How BIG Do Goldfish Get? (Supersize your Goldfish)

How Big Do Goldfish Get

My goldfish, Goldie, turned 10 years old last week. That’s a long time to have a pet, but it has taught me something very interesting… how big do goldfish get?

In the wild, goldfish can regularly grow upto sizes of 12-14 inches in length. In captivity, there are a number of factors that can affect growth rate, including genetics, tank size, environment quality, and diet. Most goldfish will reach the 6-8 inch mark in length.

Goldfish are members of the carp family. Native to East Asia, they were first kept as pets over 1000 years ago by the ancient Chinese.

Since then, they have grown in popularity to be the most commonly kept fish worldwide, due to their low maintenance needs and stunning color.

Not too long ago, goldfish were regularly kept in small fishbowls, yet they can grow to enormous sizes in the wild.

So, what’s causing this vast difference?

There is also a common myth that goldfish can stunt their growth if they are kept in a constricted environment. Is this true? If so, how large can goldfish get in the right environment?

Read on to find out!

Before purchasing any goldfish, you must do your research to ensure you are offering the best environment for them to thrive.

How can I get my goldfish to grow to full size?

The largest goldfish ever recorded was an impressive 18.7 inches long!

The heaviest goldfish ever weighed was found in a lake in Greenville, South Carolina, in 2020. The giant creature was spotted during a routine fish survey and tipped the scales at a whopping 9lbs!

Many of us have had pet goldfish that have only reached 3 inches long, so what is going on?

The main reason for the vast variation in size is the general care and diet that is offered.

Fish are strongly influenced by their environmental conditions, which is why it is so important to ensure you have the correct equipment before purchasing your goldfish. A fishbowl is no longer considered to be acceptable for these beautiful animals, as it does not fulfill their complex needs.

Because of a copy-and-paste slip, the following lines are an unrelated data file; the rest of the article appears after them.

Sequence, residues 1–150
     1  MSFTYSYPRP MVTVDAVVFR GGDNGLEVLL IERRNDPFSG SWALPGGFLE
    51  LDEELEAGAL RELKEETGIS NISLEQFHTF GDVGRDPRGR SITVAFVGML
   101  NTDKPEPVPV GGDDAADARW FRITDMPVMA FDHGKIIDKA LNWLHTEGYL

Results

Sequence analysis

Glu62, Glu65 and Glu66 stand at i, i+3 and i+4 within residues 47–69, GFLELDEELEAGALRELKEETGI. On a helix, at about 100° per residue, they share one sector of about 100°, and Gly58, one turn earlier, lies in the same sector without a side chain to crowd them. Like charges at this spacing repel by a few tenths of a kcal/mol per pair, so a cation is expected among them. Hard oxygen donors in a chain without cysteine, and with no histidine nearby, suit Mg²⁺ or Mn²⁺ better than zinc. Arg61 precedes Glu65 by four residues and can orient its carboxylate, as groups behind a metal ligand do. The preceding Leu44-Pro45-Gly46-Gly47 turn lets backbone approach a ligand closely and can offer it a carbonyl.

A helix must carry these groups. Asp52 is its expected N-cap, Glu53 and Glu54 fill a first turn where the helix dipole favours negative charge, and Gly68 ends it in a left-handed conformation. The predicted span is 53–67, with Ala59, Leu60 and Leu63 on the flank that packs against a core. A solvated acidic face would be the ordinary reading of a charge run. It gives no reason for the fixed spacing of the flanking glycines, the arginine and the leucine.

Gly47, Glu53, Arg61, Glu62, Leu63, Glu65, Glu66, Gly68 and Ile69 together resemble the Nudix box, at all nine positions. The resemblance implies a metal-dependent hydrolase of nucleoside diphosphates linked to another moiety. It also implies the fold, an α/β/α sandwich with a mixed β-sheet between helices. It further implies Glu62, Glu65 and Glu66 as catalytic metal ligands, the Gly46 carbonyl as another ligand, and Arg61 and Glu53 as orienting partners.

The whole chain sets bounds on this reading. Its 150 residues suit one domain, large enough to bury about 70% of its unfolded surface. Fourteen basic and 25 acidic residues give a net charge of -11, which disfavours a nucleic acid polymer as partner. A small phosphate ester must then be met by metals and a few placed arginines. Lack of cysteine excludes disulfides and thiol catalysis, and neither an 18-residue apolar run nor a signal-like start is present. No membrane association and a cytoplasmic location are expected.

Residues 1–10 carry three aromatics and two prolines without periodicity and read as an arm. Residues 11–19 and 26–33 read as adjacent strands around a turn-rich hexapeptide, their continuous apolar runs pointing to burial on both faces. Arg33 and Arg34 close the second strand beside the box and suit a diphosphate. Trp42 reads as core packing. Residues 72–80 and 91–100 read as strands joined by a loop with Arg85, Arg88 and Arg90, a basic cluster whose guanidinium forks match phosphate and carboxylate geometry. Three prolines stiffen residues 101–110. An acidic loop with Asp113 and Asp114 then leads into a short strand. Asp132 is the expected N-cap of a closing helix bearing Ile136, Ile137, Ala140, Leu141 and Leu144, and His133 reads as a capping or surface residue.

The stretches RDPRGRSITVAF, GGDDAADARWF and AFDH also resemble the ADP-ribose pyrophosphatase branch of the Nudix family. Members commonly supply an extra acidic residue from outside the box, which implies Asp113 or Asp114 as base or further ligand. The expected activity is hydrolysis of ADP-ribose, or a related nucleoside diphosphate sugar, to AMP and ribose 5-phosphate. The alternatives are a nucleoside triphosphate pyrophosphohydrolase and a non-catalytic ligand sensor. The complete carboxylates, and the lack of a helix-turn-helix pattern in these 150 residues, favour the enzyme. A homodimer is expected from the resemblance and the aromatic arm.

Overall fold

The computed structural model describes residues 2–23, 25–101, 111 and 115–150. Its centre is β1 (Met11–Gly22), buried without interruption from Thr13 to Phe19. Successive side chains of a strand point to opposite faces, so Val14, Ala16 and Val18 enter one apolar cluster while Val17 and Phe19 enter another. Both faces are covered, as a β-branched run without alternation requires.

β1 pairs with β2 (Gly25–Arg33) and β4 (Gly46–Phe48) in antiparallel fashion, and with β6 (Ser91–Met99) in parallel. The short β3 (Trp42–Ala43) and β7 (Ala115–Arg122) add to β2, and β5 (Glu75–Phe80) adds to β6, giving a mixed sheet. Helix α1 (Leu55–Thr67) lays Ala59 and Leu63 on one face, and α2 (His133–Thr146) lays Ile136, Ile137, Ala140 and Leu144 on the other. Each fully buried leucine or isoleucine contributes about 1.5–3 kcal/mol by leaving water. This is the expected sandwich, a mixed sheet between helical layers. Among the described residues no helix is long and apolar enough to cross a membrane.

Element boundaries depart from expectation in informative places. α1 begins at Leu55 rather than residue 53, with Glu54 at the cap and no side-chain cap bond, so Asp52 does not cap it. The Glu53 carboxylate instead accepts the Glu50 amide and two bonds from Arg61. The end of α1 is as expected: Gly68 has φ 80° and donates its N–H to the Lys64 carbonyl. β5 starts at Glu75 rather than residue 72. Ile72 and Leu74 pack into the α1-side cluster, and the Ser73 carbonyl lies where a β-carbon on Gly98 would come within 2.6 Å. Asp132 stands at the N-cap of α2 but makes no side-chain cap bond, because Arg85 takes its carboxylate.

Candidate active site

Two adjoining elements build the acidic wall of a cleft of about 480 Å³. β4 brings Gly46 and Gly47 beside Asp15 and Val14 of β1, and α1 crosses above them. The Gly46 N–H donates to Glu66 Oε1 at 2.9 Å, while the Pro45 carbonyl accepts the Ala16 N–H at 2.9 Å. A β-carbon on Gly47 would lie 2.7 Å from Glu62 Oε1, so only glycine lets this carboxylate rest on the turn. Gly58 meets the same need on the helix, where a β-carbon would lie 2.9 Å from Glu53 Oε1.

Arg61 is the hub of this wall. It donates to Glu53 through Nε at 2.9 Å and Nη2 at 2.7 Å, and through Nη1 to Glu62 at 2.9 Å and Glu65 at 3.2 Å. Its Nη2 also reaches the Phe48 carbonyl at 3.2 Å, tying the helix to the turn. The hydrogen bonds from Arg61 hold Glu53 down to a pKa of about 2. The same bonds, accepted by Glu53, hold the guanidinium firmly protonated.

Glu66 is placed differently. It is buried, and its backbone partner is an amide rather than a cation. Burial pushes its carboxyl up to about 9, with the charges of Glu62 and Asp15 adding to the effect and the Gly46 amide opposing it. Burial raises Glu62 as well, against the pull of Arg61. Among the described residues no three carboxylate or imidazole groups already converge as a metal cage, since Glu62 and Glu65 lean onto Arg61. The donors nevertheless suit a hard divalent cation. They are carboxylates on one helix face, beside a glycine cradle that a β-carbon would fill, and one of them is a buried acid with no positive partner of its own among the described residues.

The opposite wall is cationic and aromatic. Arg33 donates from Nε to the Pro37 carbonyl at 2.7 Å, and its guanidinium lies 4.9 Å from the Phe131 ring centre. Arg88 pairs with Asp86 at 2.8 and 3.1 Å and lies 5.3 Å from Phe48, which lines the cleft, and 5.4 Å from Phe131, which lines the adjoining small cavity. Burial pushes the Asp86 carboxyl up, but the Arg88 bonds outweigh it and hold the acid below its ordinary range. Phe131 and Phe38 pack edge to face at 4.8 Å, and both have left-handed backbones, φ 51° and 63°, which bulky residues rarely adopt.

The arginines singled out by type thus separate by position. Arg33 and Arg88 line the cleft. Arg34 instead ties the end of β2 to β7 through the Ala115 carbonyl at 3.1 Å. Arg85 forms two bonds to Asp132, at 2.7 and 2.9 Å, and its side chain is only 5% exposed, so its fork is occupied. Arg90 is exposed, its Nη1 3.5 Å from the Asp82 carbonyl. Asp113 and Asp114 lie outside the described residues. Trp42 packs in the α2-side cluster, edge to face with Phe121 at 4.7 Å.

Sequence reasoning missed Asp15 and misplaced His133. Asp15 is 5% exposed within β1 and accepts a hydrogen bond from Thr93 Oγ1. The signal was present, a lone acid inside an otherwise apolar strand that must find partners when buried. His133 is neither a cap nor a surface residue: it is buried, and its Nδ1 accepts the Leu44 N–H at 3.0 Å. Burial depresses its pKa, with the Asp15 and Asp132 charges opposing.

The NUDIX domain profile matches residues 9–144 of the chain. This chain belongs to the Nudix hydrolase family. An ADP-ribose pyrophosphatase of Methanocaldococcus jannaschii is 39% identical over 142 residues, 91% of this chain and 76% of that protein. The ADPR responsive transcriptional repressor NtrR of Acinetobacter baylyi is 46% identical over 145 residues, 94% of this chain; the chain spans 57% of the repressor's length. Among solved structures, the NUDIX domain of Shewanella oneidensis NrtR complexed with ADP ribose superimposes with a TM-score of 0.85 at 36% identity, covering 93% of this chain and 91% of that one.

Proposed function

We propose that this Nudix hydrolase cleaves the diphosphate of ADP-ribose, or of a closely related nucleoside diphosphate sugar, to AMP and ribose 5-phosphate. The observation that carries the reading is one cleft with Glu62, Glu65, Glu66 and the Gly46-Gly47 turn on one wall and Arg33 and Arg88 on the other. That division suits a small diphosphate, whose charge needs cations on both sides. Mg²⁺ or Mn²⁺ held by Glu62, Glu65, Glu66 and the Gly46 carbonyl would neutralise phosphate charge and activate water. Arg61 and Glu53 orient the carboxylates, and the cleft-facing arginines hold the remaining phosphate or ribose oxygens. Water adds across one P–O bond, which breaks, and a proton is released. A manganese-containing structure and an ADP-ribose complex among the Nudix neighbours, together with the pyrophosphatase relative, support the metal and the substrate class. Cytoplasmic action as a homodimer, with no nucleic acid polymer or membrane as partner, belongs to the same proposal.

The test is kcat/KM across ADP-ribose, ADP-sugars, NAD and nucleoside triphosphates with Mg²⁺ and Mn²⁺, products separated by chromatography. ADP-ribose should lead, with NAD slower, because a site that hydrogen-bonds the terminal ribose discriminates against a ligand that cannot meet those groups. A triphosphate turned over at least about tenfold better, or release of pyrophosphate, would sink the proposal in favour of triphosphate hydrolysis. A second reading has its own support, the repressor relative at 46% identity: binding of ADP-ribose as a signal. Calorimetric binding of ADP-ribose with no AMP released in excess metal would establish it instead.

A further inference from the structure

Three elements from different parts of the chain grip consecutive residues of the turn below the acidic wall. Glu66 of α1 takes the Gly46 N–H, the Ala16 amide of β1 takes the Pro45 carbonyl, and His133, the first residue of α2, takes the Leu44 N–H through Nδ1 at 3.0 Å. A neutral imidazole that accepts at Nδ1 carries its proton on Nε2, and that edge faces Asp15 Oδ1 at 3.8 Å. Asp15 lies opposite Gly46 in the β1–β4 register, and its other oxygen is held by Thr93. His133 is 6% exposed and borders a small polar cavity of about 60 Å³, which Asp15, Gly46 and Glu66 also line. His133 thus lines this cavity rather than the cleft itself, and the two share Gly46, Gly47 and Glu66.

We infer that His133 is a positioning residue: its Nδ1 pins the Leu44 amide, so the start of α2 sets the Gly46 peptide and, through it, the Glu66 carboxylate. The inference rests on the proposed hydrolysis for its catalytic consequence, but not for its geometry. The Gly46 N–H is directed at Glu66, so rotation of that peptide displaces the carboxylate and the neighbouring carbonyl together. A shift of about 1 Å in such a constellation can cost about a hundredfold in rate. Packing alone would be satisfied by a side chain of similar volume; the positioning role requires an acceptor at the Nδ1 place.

The myth that goldfish only grow to the size of their tank is only partly true….

The stunt in growth can be caused by numerous environmental factors and often suggests that their welfare is being compromised. The fact is, that if the environment is not right, goldfish will most likely die of illness or stress before they can reach full size.

Let’s run through the main factors now:


This first one may seem a little odd but genetics are actually a big influencer in how large a goldfish can grow. There are around 200 species of goldfish worldwide, all with their own specific needs and characteristics.

That’s a lot of genetic diversity!

Although most of these species have the capability of growing fairly large, the difference between species can vary considerably.

Another factor you need to consider is the size capability of an individual fish. Just as with dogs and cats, you can get runts of the litter with fish too. With these fish, it won’t matter if you have the environment perfect, they simply won’t grow that big!


Tank size